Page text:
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Living with back pain can be debilitating, impacting every aspect of one’s life, from daily activities to overall well-being. For veterans who suffer from back pain as a result of their service, navigating the complexities of the VA rating system is crucial to accessing the compensation and benefits they deserve. The VA rates back pain on a scale from 10% to 100%, taking into account factors such as Painful Motion, Limitation of Range of Motion, and Functional Loss or Impairment. In this blog post, we will delve into each of these to provide a clearer understanding of how VA ratings for back pain are determined and the profound impact they can have on veterans’ lives.

Service Connection

Establishing Service Connection for a Back Condition Requires:

  • A current diagnosis of a back condition.
  • Documentation of an event, injury, or illness that occurred during service.
  • A medical connection between the diagnosed back condition and the event, injury, or illness that happened during service.

Painful Motion

Back pain is a prevalent issue among veterans. However, unlike some conditions that can be easily identified through tests or exams, back pain can be challenging to receive compensation for unless accompanied by other noticeable symptoms. This difficulty is where the VA’s principle of Painful Motion comes into play. Regardless of the extent of motion, if a veteran experiences pain during certain movements, they should be eligible for compensation. The VA acknowledges that even mild discomfort or pain can significantly impair an individual’s ability to function in daily life. Therefore, veterans should not dismiss their back pain if it’s not accompanied by severe limitations in movement. It’s crucial for them to accurately communicate the extent of their pain during medical evaluations to ensure they receive the compensation they deserve. By recognizing the impact of pain on functionality, the VA strives to provide support to veterans coping with back pain, acknowledging its debilitating effects on their quality of life.

Limitation of Range of Motion

The most crucial principle in determining VA disability ratings for back pain is the Limitation of Range of Motion, which involves assessing the extent of mobility and its impact on an individual’s back condition. This principle encompasses various movements essential for daily activities, including flexion, extension, and rotation. Flexion entails bending the body sideways, extension involves straightening the body, and rotation measures the ability to move around a joint or fixed point. Each of these movements is integral to performing tasks ranging from basic functions to more complex activities.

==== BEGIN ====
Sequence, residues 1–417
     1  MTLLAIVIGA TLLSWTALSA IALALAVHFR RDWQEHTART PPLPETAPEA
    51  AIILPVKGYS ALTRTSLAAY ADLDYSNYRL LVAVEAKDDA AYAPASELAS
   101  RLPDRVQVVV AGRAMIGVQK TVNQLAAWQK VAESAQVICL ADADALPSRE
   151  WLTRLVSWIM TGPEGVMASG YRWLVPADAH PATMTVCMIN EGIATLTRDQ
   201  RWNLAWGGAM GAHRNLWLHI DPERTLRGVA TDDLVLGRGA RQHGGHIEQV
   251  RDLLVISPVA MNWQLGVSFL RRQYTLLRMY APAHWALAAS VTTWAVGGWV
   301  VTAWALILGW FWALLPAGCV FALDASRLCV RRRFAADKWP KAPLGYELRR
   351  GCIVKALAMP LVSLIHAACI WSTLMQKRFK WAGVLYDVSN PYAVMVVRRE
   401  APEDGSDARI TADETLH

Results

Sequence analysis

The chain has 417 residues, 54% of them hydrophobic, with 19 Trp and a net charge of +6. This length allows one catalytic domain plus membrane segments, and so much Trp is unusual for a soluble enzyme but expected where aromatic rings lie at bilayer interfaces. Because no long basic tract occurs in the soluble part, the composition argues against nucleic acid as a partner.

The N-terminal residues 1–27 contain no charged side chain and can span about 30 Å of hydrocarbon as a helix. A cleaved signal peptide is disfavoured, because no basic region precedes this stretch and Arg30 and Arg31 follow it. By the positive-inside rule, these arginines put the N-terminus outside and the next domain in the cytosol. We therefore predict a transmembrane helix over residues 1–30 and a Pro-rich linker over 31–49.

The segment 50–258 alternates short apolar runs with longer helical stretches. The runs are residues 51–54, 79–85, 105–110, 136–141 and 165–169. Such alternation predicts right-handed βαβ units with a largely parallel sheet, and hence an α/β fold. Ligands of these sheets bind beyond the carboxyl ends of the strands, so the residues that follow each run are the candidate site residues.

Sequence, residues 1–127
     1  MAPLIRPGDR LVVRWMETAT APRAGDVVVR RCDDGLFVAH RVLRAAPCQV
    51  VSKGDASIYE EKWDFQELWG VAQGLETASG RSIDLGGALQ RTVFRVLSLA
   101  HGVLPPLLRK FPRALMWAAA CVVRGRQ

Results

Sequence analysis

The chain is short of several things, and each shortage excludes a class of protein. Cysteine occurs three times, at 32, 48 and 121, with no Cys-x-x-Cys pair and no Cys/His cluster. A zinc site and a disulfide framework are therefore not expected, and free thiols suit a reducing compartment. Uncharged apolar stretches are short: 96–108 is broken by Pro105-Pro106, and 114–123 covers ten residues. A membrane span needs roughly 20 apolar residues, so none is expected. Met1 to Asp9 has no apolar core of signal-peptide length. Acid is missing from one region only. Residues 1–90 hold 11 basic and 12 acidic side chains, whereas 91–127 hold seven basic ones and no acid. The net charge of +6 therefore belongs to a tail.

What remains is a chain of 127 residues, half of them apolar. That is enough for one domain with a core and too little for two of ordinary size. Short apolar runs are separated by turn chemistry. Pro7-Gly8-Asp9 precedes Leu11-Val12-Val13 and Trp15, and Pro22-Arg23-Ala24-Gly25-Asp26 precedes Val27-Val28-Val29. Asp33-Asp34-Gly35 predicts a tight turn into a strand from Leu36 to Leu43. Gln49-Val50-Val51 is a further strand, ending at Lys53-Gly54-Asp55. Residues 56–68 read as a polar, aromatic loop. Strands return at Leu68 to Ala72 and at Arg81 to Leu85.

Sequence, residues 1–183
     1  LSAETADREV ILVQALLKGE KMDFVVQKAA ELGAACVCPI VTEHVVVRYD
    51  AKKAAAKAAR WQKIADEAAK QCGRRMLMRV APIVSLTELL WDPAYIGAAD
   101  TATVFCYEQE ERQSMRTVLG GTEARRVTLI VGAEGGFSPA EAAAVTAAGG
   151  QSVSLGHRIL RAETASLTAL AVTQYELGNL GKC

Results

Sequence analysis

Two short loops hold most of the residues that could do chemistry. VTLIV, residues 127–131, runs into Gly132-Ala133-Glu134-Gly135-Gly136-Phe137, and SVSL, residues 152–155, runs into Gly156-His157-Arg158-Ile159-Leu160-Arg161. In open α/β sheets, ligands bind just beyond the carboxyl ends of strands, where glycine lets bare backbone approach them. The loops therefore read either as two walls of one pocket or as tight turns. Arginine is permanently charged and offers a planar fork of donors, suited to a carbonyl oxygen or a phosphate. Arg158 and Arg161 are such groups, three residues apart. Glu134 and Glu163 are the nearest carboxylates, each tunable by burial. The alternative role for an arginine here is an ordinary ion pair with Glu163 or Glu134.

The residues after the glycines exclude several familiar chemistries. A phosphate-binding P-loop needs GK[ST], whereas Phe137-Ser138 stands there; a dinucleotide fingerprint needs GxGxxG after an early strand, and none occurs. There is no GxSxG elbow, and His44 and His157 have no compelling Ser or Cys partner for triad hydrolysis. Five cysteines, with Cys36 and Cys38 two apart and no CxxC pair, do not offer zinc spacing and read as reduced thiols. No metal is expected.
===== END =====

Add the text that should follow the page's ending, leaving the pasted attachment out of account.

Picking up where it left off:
The degree of limitation in these movements directly correlates with the severity of the disability rating assigned by the VA. Veterans undergoing VA evaluations for back pain should anticipate thorough assessments of their range of motion. These evaluations often entail a series of physical tests and examinations to measure the extent to which their back condition restricts their ability to move freely and perform tasks.

During these evaluations, it is imperative for veterans to be honest and transparent about their symptoms and limitations. Accurate communication ensures that their condition is properly assessed, leading to fair and just compensation. By providing detailed information about their range of motion limitations, veterans can better convey the impact of their back pain on their daily lives and overall well-being. This comprehensive approach not only facilitates an accurate evaluation process but also ensures that veterans receive the compensation and support they rightfully deserve to manage their back condition effectively.

Functional Loss or Impairment

Functional Loss or Impairment is another crucial principle in the VA rating system for back pain. This principle focuses on the overall impact of the back condition on the individual’s ability to function in daily life. It encompasses a range of factors, including pain, fatigue, weakness, lack of endurance, and incoordination, all of which contribute to the impairment of spine function.

When assessing functional loss, the VA considers how the back condition affects the veteran’s ability to perform tasks such as standing, sitting, walking, lifting, bending, and reaching. Veterans may also experience limitations in their ability to participate in recreational activities, work, and social engagements due to their back pain.